Dancing with the Snow Flakes in St. Petersburg

Memories of the Baltic Sea - here the harbor of Stockholm - made me reflect Tchaikovsky's "Winter Rêveries". © Charles Thibo
Memories of the Baltic Sea. © Charles Thibo

Several years ago, I spent some time in Stockholm. It was in the first half of December, it had snowed for several days and I walked along the Strandvägen. The sky was blue, the sun shining brightly and the city bathed in a golden morning light. Extraordinary! I thought of other cities on the Baltic Sea with a proud history: Hamburg, Lübeck, Tallinn, St. Petersburg. St. Petersburg! Tchaikovsky! His Symphony No. 1, op. 13 “Winter Rêveries”!

Tchaikovsky wrote this magnificent work in 1866. He had just finished his composition class at the St. Petersburg Conservatory and wanted to capture his impressions from winter days in St. Petersburg and Moscow. But the job proved to be challenging. “I am at the end of my wits”, he wrote in a letter to his brother Anatoly. “Those are the reasons: 1) I am struggling with the symphony 2) [Nikolai] Rubinstein and Tarnovsky [a dramatist] continue to scare me 3) I am obsessed by the idea that I will die any time soon before having finished the symphony.” Oh, dear!

Barren landscapes

However, within eight months, the piece was finished and what a piece it is. The first movement starts with flutes and bassoons, answered with a staccato played by the strings. The theme lets you imagine snow flakes floating in the air, first only a few, but then the it snows more and more, crescendo, pause… and the movement ends as it has started with the fading, enigmatic flute theme and the staccato. The second movement starts in a rather lyrical way. The strings paint a desolate, barren landscape, with few signs of life and a deep feeling of sorrow and helplessness. But then, at bar 24, the oboe starts a soft and elegant melody – one that I can sing by now – mmmmmh, what a delight! Schubert would have loved it, had he known it. But Schubert had died 38 years before.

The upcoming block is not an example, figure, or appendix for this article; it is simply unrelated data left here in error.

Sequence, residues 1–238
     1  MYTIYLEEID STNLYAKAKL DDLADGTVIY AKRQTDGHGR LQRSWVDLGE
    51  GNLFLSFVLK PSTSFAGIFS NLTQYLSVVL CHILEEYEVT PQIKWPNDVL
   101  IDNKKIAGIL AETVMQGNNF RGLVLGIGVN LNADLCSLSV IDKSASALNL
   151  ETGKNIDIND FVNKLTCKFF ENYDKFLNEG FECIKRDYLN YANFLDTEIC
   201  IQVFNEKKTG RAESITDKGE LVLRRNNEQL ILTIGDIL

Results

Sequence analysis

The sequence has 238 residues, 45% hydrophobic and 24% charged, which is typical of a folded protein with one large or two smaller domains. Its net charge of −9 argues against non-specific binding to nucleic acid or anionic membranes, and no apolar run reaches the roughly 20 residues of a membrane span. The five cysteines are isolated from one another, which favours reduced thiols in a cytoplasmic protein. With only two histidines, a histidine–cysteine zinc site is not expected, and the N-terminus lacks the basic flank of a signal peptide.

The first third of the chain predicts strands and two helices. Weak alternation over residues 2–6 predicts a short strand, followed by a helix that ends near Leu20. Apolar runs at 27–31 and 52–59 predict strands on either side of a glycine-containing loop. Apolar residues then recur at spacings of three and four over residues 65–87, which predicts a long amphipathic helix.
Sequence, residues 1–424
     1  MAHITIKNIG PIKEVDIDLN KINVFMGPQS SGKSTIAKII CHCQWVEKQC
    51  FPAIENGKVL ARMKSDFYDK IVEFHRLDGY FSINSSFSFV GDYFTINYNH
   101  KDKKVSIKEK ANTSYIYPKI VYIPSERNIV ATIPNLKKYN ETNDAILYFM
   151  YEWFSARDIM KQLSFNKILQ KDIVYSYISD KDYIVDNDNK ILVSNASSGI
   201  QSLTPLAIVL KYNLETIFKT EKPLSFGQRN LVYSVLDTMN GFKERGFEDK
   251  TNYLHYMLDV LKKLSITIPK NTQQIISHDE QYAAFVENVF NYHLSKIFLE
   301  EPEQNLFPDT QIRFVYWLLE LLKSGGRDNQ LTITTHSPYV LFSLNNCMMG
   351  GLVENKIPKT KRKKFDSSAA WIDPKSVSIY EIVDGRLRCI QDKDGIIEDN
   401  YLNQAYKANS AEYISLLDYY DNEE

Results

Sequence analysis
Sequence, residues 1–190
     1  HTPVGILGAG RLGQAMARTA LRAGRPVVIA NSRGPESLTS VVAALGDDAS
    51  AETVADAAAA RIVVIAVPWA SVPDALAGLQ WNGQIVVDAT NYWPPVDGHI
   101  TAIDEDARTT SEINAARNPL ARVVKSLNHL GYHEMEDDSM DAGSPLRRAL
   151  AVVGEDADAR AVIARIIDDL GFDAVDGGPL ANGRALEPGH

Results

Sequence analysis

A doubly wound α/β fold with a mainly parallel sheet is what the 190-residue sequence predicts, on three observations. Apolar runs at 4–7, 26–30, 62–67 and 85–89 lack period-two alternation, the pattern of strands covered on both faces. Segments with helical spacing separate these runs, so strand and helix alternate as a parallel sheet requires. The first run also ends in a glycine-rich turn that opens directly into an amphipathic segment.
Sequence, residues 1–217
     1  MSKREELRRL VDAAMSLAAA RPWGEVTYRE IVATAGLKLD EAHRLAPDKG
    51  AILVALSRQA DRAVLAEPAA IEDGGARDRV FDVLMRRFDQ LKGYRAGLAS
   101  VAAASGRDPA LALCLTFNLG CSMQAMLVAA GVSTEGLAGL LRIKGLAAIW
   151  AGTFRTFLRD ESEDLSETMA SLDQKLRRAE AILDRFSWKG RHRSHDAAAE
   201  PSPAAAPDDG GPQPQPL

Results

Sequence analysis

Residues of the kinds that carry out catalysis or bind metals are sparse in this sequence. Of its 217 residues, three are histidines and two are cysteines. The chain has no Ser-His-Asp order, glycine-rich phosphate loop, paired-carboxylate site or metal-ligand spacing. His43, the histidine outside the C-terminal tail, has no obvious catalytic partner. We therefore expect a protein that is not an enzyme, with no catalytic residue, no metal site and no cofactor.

The third and last movement starts with a melody that Tchaikovsky has already used in his Piano Sonata No. 1 composed a year earlier. And again, the snow flakes are dancing in the air. The final movement starts with a sumptuous melody and is based on a popular song, first the woods, than the strings, and finally the brass come along with plenty of boost! A second theme, a very joyous one, is introduced and gives the whole movement a more energetic allure than the beginning suggested.

Unevenly constructed?

Critics say the final movement as the symphony as such is constructed unevenly and lacks originality. As I am not a composer I will not judge whether this criticism is justified, suffice it to say that neither the fourth movement nor the symphony offend my ear. Perhaps I am biased, when it comes to Tchaikovsky!

Op. 13 has been recorded by the Russian National Orchestra, conducted by Mikhail Pletnev, and several others i.e. the Moscow, London, Boston and Chicago Symphony Orchestras as well as the Gürzenich Orchester Köln under Dimitry Kitayenko.

An interesting alternative review of Tchaikovsky’s 1st symphony can be found in the Guardian’s symphony guide. Many thanks to my fellow blogger Fugue for Thought for pointing this article out to me.

© Charles Thibo

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de Chareli

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2 thoughts on “Dancing with the Snow Flakes in St. Petersburg”

  1. I am listening to this at the office now, thanks to you. By the way, I grew up in a NYC building (50 East 96th Street) that was so populated by Russians who fled their home during the revolution and settled in Manhattan (one block from the Russian Orthodox Cathedral), that the NY Times called the address “Nyevsky Prospekt.”

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